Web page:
Q&A with: NPR President Kevin Klose



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From the nation’s capital to Munich, Germany, and the Midwest to the Czech Republic, the career of National Public Radio president and CEO Kevin Klose has carried him around the world and back. A cum laude graduate of Harvard University and former editor and national and foreign correspondent with the Washington Post, Klose also served as president of Radio Free Europe/Radio Liberty and director of the U.S. International Broadcasting Bureau before joining NPR. He earned the Overseas Press Club’s Cornelius Ryan Award for his book, “Russia and the Russians: Inside the Closed Society” and has co-authored four others. A farewell party for longtime NHPR President Mark Handley recently lured Klose to Concord, where he took time to talk before joining in on the retirement celebration.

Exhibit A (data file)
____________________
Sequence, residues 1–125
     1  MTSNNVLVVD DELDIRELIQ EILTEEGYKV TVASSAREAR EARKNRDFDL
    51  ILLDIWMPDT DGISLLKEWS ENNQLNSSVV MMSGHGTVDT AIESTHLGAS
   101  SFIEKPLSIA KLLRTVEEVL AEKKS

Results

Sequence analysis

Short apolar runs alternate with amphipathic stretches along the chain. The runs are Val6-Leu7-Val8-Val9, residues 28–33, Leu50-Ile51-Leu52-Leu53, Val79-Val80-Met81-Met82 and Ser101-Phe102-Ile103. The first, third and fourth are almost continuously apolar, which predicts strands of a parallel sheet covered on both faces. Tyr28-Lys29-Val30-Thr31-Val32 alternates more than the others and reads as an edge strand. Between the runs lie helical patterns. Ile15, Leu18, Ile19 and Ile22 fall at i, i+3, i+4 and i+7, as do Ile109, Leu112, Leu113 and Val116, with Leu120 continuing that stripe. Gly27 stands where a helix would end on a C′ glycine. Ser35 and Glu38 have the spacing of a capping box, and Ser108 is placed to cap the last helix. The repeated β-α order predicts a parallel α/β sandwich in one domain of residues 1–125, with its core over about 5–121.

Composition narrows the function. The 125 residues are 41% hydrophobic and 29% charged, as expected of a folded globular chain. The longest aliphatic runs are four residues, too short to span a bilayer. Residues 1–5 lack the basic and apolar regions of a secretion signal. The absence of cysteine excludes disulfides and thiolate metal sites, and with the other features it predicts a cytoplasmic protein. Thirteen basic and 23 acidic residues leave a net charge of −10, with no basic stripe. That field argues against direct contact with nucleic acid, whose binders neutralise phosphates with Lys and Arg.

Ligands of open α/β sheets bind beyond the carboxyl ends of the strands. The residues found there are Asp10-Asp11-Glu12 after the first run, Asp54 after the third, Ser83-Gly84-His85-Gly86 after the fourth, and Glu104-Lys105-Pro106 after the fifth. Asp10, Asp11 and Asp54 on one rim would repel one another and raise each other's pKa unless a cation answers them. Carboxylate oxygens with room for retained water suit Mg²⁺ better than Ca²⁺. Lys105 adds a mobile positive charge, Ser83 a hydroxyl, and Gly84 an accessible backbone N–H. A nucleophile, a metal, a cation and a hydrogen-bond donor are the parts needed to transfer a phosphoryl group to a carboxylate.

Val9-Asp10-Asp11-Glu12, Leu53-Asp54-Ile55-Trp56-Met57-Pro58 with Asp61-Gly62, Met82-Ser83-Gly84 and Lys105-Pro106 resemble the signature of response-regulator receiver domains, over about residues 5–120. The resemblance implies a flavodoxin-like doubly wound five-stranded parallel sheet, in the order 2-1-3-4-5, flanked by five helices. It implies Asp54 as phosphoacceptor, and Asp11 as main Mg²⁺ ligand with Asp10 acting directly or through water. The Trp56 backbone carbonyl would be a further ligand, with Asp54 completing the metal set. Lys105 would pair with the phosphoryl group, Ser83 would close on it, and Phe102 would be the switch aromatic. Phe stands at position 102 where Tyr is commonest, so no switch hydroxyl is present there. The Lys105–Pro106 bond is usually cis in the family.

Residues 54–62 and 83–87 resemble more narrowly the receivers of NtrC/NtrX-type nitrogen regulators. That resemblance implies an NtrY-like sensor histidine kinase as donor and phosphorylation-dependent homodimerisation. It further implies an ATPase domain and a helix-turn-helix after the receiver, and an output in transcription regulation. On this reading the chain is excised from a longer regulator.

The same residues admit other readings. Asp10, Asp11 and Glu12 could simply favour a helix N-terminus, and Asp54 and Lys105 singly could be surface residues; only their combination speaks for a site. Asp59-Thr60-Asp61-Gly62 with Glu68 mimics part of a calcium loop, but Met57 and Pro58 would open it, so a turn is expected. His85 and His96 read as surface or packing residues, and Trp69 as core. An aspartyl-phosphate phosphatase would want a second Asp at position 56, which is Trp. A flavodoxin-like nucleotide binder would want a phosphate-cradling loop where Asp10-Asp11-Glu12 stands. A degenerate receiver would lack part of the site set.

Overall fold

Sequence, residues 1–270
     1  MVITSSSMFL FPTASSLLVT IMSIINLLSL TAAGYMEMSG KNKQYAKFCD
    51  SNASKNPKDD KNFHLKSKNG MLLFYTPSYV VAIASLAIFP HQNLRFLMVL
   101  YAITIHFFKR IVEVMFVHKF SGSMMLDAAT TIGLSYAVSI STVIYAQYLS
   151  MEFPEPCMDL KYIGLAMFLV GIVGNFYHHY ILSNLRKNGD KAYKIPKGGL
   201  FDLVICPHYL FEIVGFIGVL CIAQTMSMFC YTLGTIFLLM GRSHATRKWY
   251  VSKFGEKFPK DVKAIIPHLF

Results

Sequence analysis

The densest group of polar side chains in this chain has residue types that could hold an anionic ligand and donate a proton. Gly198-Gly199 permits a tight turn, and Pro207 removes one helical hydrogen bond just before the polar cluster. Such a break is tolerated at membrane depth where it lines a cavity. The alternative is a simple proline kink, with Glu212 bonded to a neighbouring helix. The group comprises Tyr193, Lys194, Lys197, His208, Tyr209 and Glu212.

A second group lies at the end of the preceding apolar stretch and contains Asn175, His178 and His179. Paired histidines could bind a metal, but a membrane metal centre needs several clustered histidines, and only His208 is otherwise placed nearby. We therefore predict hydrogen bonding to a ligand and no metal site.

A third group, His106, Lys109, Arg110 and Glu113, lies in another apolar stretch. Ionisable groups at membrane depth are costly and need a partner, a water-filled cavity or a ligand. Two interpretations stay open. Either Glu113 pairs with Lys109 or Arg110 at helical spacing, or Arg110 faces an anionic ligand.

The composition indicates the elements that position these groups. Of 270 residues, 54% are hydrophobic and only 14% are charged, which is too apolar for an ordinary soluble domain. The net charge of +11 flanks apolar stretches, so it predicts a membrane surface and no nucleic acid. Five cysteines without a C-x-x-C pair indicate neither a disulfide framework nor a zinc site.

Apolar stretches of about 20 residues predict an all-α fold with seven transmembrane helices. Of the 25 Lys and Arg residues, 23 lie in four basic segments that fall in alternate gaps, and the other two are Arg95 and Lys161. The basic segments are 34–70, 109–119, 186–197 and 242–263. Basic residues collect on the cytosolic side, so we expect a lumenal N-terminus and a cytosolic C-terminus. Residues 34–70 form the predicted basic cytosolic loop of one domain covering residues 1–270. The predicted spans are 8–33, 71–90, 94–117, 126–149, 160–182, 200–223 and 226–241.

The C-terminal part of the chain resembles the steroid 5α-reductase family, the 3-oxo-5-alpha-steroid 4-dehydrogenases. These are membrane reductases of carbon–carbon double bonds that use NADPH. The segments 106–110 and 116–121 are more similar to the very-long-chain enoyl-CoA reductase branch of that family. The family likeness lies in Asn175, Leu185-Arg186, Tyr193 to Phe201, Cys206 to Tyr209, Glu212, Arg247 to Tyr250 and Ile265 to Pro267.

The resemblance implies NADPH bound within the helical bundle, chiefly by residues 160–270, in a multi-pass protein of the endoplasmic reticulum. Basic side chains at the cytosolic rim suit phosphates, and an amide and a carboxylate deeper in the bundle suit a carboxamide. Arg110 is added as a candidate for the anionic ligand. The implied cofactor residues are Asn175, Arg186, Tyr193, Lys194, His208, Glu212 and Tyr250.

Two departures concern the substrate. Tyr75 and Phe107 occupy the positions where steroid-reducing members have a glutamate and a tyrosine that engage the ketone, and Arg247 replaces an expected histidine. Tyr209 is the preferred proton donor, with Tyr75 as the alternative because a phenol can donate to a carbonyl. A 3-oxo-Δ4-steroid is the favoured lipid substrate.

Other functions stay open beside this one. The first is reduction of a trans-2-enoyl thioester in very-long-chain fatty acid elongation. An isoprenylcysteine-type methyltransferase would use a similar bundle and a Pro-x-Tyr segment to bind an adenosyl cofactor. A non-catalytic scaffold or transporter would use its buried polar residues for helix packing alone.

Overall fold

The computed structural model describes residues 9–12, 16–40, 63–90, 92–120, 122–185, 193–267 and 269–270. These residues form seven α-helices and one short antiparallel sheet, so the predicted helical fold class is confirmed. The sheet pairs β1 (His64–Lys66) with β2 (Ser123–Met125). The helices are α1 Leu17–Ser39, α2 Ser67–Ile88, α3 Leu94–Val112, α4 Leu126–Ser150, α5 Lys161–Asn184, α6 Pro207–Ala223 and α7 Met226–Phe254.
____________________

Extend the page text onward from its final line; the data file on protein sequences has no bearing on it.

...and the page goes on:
Q. Given your history with radio, what do you think listeners find so engaging about Public Radio? A. Public radio is so amazing. You can’t see it, you can’t watch the story unfold. It’s a medium of imagination. It’s narrative, there’s one person telling a story. One day I was driving down the New York Thruway, it’s full of slush, there are tandem trailers passing me and I’m hanging on tight to the steering wheel. Then I realized I really wasn’t tense, I was holding on so tight because I was listening to “Morning Edition,” to this Cambodian woman who had written this heart-wrenching memoir, and there was a pause — it was this silence between the interviewer and the woman that really got to me. That’s the power of the thing. Q. At a time when radio seems to have become so homogenized - you can listen to pop stations from here to the West Coast and they all sound the same - what keeps public radio interesting and vibrant? A. We have 26 million listeners worldwide, and they tell us what they want to hear. They tell us they want more foreign news coverage and more in-depth coverage. And we listen and we give that to them. And all the public radio stations have local programming, programming that has direct meaning to their listening audience, that gives us the distinctive non-imitated presence. Q. NPR has partnerships with 780 independently operated public radio stations. While that may seem like a lot, it really isn’t, given the thousands of public stations and growing number of satellite stations out there. How does public radio remain competitive? A. We’ve done extremely well delivering fact-based journalism and journalism based on context, not just headlines. We’re able to focus on things other than profit centers, and with so many of the entertainment and multimedia conglomerates that’s just not the case. The news and programming listeners get on NPR and NHPR is based on fact, and you can get it for free. Q. About 2 percent of NPR’s funding comes from the government, in the form of grants from the Corporation for Public Broadcasting, the National Science Foundation and the National Endowment for the Arts and Humanities. There are those who think the time to put an end to government funding may have come, what’s your view? A. First, it’s important to remember the majority of this money goes directly to public radio stations in the form of grants for specific projects and programs. Local stations typically receive between 12 and 15 percent of their funding from CPB. There may be those stations where eliminating this type of funding might be realistic, but we have to remember Congress and a half-century of administrations have made a commitment to build this infrastructure, and CPB has been major funders. Q. Speaking of funding, NPR received a wonderful gift from the widow of McDonald’s founder Ray Kroc a couple of years ago. Where does that stand? A. It was an incredible gift — the biggest in NPR history. Joan Kroc left NPR $235 million in the form of an endowment. The capital can’t be spent and is in very conservative investment pools. This gift has allowed us to create a full bureau with three people in Baghdad - it costs tens of thousands just to keep them safe. It will also help us with foreign coverage and has allowed us to develop three fellowships for radio journalism and to build on our local news capacity and initiative. Q. How many foreign bureaus does NPR have and how does that compare to other news organizations? A. We will be opening another China bureau - this one in Shanghai - and that will bring the total number to 17 foreign bureaus, four times what CBS has. Only CNN, Reuters and the Associated Press have that many. But this is not a numbers game. The real purpose behind this is that our listeners want foreign news. Wars for energy and diamonds and ethnic wars and pandemics of AIDS and malaria — we think that’s important to cover. Q. The accusations that public radio is biased are ongoing. I heard someone comment recently that they thought it had gotten soft in its coverage. How do you respond to that? A. That’s fascinating. I think our coverage has gotten deeper and sharper. Our coverage is not mainstreamed. It is not just headlines. Our journalists are there bringing our listeners first-hand accounts directly from people making the news and living it. Q. How do you see future technological changes affecting public radio? A. A great example is this new podcasting. NPR’s “Story of the Day” is now No. 1 in all of podcasting. In the nano-life that podcasting has had, I think this says something. I think we will rise together.

 

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